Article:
CMG members develop cross-industry, short-and long-range color forecasts. CMG's Forecasts serve as a guide for Designers developing new colors for new and existing product lines. While CMG members customize a hue or intensity to fit particular product needs, using CMG Palettes for overall direction gives designers confidence that their colors will be complementary to colors on other products in the consumer marketplace. The 2002 Consumer Palette is the result of input from more than 700 CMG members who gathered in San Diego, California, USA, in late April this year. Industries represented in the forecast process included Transportation/Automotive, Communications/Graphics, Interior/Exterior Home, Fashion, and Action/Recreation.

CMG experts say the influence of nature on the 2002 Palette is deep-seated and will counterbalance the strong effects of the technology revolution. This dynamic relationship reflects a strong and consistent desire to balance the sensory overload from technology with the need for human sensory experience. Watery, aquatic-blues continue to be important, but botanical-blues will begin to emerge. Yellows and greens will remain strong. The newest yellows are being inspired by the organic qualities of fruits, vegetables and grains; the greens will bring grasslands to mind.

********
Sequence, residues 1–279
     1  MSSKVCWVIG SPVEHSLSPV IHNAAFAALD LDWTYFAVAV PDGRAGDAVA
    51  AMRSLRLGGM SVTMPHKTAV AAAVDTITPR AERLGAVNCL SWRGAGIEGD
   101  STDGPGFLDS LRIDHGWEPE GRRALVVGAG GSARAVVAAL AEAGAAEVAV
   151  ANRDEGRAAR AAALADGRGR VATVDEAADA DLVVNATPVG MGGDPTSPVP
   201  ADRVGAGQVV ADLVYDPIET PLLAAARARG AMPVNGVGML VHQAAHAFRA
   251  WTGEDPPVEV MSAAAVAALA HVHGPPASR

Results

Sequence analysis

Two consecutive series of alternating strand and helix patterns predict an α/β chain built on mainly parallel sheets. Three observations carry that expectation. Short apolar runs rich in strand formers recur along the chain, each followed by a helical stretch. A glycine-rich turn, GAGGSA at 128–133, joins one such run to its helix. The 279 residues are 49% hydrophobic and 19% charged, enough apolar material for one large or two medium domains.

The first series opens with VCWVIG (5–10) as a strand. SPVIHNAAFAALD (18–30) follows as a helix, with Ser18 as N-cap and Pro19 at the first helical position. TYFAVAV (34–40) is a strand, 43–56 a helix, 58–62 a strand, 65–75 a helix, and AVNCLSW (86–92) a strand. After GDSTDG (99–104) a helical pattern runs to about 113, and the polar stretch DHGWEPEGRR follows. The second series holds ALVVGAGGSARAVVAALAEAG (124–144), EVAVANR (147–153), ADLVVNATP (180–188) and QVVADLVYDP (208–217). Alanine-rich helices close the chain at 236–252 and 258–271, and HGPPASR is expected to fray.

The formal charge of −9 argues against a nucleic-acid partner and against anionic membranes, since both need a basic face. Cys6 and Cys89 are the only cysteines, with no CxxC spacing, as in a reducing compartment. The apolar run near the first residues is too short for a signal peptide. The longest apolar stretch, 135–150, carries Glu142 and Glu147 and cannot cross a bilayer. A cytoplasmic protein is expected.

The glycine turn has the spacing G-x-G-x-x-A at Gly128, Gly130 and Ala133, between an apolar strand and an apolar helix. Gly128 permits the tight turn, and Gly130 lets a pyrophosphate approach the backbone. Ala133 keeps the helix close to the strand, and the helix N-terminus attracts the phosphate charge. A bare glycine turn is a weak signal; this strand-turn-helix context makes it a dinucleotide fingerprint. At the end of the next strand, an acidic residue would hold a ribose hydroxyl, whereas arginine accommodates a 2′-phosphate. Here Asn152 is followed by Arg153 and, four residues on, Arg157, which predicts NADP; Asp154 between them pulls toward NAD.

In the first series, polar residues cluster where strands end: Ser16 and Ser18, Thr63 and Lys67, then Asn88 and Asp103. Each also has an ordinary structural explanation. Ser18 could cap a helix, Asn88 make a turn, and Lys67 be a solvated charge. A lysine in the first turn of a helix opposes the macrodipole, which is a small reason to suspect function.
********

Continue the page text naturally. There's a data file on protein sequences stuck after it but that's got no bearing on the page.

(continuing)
Social, cultural and economic trends play a role in the process of identifying future color trends. A strong Latin flavor is a consistent theme for the 2002 Consumer Palette, with additional influences from Morocco and Italy that will result in the appearance of lively reds, yellows and oranges. According to CMG Co-Chairman of the Consumer Color Directions Committee, Sue Hannah, New York, New York, USA, "These influences will result in the desire for romantic and passionate earth-connected colors. The strong appeal to the younger generations will spill over to the Baby Boomers as a spirited, fresh new look."